Dr. Know: Lost Lincoln Statue, Kenwood’s Christmas Chaos, and O Pie O’s TV Legacy


Illustration by Lars Leetaru

I only recently learned that Cincinnati once had a Lincoln Park. Did Lytle Park’s beardless Abraham Lincoln statue start there and then get moved? —HAPPY PRESIDENTS DAY

Dear Happy:
Yes, a beautiful west-side expanse called Lincoln Park once blessed Cincinnati from 1867 until Union Terminal replaced it. But no, the Lytle Park Lincoln wasn’t there. Lincoln Park had its own monument, designed and donated by a local marble company. And it was much more than a statue: It sported 25-foot marble columns that surrounded a pair of marble lions that guarded Mr. Lincoln’s marble (and bearded) visage. Unfortunately, a dispute arose with the city over whether the $10,000 monument had actually been a donation, so the marble company skulked into the park one dark night in 1872 and took all its marbles home.

The company later found a customer in Pennsylvania planning a monument for someone else, so they quickly moved the Lincoln bust to a shelf, sculpted the someone-else, and put it, the columns, and the lions onto a train. The train then proceeded to fall off a bridge, destroying everything. Thank goodness, that bust of Lincoln was still safe in Cincinnati! Until the day it slid off its shelf and shattered. Moral of the story: if you renege on a marble gift to Cincinnati, the marble is cursed. Modern version: if you renege on a gift of concrete, only your football team is cursed.

Employees of Kenwood Towne Centre used to park at the old Oakley Drive-In during December, taking a shuttle to work. That left more parking spaces at the mall for Christmas shoppers. Last season, while I angrily searched for a space, I wondered: now that the drive-in is gone, do employees park anywhere else? —DOESN’T LOOK LIKE IT

Dear Doesn’t:
As with many profound questions that cross the Doctor’s desk, your answer requires some nuance. The demise of the Oakley Drive-In—ah, sweet memories of romantic back-seat contortions—means that today’s Kenwood Towne Centre employees must park on-site during December madness, albeit in distant “designated areas,” leaving the closer spaces for customers. Here, however, is the nuance: The Centre’s new neighbor, Kenwood Collection, features hundreds more spaces in a parking lot and garage, and the two malls are contiguous.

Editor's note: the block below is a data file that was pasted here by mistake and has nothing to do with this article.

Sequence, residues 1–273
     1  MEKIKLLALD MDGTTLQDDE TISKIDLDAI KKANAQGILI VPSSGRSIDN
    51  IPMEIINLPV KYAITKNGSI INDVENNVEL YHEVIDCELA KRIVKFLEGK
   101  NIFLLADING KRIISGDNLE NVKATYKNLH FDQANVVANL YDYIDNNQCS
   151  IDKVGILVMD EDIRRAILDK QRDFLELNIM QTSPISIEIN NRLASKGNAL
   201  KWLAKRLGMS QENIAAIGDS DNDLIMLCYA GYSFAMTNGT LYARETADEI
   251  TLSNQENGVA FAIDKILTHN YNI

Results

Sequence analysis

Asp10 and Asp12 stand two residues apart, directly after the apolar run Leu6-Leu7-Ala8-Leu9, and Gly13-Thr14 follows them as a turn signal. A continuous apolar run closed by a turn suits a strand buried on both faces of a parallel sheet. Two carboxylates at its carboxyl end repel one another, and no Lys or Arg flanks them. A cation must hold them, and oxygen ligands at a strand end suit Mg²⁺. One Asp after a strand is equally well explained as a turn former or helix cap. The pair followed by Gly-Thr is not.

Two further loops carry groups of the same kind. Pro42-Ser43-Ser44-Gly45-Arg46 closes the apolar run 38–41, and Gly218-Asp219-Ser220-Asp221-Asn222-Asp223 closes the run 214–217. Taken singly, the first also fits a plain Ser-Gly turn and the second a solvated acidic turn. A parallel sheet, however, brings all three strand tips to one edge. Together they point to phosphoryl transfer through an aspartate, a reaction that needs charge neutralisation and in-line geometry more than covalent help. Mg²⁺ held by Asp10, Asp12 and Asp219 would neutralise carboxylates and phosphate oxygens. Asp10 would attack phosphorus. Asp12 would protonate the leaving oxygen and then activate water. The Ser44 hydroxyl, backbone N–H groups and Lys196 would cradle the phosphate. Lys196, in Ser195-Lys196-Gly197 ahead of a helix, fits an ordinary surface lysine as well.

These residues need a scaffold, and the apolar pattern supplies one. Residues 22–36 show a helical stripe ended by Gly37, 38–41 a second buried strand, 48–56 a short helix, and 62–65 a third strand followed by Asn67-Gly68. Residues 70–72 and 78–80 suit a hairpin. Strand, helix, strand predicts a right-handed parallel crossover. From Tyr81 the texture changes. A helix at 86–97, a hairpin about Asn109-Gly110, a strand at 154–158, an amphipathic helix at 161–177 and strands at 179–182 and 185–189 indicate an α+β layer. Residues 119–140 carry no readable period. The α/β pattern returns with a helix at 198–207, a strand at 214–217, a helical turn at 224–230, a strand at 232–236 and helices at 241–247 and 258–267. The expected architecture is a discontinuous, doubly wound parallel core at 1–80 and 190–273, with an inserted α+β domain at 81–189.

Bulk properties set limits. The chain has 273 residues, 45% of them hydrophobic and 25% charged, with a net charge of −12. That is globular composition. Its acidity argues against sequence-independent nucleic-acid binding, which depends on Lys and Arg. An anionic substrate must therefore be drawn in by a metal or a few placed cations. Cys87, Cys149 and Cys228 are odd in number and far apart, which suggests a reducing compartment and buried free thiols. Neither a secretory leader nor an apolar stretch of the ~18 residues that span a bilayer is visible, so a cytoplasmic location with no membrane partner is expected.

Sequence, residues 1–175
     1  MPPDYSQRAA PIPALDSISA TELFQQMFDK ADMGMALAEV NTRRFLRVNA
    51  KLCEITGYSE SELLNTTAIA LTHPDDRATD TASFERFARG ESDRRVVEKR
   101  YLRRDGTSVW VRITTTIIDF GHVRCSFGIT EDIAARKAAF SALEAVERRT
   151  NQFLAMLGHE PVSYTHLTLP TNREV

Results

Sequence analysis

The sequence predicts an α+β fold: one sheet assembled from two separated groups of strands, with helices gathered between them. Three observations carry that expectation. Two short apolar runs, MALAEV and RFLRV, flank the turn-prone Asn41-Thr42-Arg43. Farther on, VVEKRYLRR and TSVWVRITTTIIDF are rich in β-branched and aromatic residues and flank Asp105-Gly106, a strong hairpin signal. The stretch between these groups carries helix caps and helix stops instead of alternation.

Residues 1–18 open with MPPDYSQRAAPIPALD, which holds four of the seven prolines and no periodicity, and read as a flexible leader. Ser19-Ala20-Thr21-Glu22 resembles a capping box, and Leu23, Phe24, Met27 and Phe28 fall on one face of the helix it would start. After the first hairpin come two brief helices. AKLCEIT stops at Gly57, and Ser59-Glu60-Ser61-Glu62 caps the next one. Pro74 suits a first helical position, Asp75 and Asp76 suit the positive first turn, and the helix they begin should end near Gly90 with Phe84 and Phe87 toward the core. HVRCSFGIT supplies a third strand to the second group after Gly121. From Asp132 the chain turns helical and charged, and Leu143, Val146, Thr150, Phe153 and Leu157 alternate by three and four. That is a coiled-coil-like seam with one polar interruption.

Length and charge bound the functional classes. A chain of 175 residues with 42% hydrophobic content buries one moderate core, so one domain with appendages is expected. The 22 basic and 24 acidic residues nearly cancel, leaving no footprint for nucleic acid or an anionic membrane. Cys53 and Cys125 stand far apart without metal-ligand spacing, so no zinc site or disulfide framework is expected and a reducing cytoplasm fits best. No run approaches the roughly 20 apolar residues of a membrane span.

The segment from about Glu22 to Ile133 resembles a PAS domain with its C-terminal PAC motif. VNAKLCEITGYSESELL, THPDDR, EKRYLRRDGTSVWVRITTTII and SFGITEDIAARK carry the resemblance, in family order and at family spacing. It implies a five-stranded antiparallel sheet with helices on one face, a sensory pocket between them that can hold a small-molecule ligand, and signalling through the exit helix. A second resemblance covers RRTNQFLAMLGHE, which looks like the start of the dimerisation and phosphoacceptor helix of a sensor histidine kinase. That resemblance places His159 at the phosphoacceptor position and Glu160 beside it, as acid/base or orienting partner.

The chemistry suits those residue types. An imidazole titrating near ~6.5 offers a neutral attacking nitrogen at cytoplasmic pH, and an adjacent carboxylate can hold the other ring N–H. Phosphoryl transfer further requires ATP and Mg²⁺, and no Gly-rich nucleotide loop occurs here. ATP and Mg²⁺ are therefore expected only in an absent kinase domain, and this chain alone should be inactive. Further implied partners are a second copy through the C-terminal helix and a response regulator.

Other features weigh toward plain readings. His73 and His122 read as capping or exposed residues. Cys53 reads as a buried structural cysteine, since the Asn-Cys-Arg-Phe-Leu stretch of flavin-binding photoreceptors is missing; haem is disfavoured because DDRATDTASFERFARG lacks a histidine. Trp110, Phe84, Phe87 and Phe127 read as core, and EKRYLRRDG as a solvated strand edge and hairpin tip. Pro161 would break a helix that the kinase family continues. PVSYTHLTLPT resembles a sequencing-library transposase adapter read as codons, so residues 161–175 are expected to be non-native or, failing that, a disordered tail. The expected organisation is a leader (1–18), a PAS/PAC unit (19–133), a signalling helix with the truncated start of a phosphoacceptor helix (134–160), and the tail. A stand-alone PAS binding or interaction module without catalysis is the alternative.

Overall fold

Still, as you suggest, none of these facts change the predominant fact: Finding a parking space during the Christmas shopping season is a major obstacle to achieving Peace On Earth. One reason is that there are simply more people in the neighborhood than ever before. When you think about it, this can be blamed— partially, at least—on the Oakley Drive-In. Future Decembers may see some improvement.

I’m a big fan of O Pie O, the restaurant in Walnut Hills, but I’m also fascinated by their building. It looks like a French chateau. The proprietors only could tell me that the place once “had something to do with television.” Can you find some of the building’s background? —MADISON ROAD ABODE

Dear Abode:
The Doctor always welcomes inquiries that require restaurant write-offs. Mmm. Oh, that’s right, you asked about the building. It arose in 1930 as a gift from Arthur Morgan to his son, Urban, serving as a storefront for the younger’s European-focused interior decorating business. Hence, the impressive French design. Mr. Morgan the elder was president of both U.S. Playing Cards and U.S. Printing and Lithographing. Hence, the impressive budget.

Decades later the building became headquarters for Fred Ziv, and to say that Mr. Ziv “had something to do with television” is like saying that Mark Zuckerberg “had something to do with Facebook.” From his office on Madison Road, this guy launched and dominated television syndication—and therefore American popular culture—during the 1950s. Just one example: the hit show Sea Hunt made Lloyd Bridges a major star, meaning that our world may never have experienced Jeff Bridges as The Dude without Cincinnati’s Fred Ziv.

The building later went through its obligatory period of neglect, but in 2015 its renaissance was assured by the arrival of O Pie O, whose meals and pies, hot and cold, deserve only the highest—oh, that’s right, you asked about the building. Mmm.

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